Changes to our dive sites

A lot of changes have happened in the past couple of months, not only on land, also on our dive sites. The underwater world remains absolutely beautiful, regardless of the changes they have experienced.

Marine life is plentiful, even more than before. Since no divers have been underwater for a while, it seems that the marine life has taken over the ocean floor. The majority of our dive sites are not affected to much by any of the storms.

Initially we found tree branches, large and small, scattered on some of our dive sites. The shallower dive sites, closer to land were more affected than the deeper sites or the ones further away from land. Of course as the weeks went on and we dove the sites, we cleared the debris we found on the ocean floor, little by little. Our guides moved away tree branches into sandy areas, where they can’t cause damage to the coral. When we find any plastic or trash along the way, it is of course brought up and disposed off.

Inevitably some of our dive sites were affected more than others, some for the better, some for the worst. Let’s give you an update on what has happened under the water in the BVI.

The biggest change happened on Coral Gardens at Great Dog. Unfortunately the plane has found its wings and has decided to take off to a different location.

This seems the biggest change on our dive sites, luckily dive sites such as Chimney and Bronco Billy still have their beautiful arches and canyons and the coral on the other dive sites remains beautiful. Our wrecks have seen the most changes. Closest to us we have our newest wreck the Kodiak Queen. The wreck did not move an inch but the mesh skin which started to shed before has now completely come off. Regardless the “Kraken” remains a fantastic dive teaming with marine life.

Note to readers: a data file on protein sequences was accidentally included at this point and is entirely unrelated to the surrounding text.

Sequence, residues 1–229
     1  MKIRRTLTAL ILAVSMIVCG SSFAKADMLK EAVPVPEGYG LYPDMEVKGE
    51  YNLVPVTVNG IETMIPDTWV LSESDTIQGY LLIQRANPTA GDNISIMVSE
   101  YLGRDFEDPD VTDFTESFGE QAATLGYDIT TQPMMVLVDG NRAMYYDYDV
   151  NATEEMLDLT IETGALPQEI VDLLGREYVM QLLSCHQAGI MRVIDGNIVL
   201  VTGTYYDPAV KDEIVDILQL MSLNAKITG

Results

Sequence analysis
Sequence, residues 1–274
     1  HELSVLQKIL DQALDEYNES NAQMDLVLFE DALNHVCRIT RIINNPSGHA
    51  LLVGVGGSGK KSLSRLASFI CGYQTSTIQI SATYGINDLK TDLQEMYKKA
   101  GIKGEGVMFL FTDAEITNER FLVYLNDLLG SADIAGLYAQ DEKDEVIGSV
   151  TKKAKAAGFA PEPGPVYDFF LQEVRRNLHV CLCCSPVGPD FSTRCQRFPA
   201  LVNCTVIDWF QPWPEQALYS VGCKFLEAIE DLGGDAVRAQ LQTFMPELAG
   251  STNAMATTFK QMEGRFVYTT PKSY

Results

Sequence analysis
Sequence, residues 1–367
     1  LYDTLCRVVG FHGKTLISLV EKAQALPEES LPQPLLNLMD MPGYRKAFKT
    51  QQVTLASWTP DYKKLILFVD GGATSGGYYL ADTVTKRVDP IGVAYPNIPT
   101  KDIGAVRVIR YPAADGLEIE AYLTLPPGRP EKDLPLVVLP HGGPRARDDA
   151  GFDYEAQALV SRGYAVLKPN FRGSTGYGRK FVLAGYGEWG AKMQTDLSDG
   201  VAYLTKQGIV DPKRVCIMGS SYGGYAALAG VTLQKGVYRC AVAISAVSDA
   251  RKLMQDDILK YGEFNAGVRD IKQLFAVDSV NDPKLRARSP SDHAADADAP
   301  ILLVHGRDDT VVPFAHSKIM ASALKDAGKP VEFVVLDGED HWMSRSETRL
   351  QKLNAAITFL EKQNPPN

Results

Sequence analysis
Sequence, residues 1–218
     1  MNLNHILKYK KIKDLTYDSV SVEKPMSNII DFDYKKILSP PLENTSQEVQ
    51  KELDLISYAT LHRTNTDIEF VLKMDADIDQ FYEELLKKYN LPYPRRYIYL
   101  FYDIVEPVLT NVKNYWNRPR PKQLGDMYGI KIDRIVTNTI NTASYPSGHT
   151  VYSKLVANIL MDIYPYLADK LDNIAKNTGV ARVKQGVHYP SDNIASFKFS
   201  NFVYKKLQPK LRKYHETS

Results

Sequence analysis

The wreck of the Chikuzen, regardless of its depth and the fact that it was in open ocean., saw some changes to its structure. During the storm, the ship split open and now exposes parts from the engine. This actually makes it very interesting, uncovering parts we have never seen before.

Over at Wreck Alley, located between Cooper and Salt Island, we found a positive change. The swell caused the upstanding wreck, the Beata, to move closer to the reef. During the storm she also somehow managed to place her exhaust stack behind her stern giving us a little more exploration options.

Our last and most famous wreck, the RMS Rhone, is still an all-time favorite. Sadly we are no longer able to do the swim through of the bow. The bow has collapsed making it impossible to enter at the front next to the crow’s nest. All other parts of the Rhone remain intact and we can still do the swim through at the stern. Marine life is plentiful and the lobsters still like to turn the bow into their hiding place.

Most importantly, regardless of the changes, the diving in the British Virgin Islands is still beautiful. From wrecks to reefs, swim throughs, caves and canyons, teaming with marine life. Yes, water temperature and movement of the water has affected some of the coral on our dive sites. However, mother nature is strong. As we did on land, we will rebuild and grow stronger!

Have a look on our website or even better, come and see for yourself how amazing the dive sites are here in the BVI!

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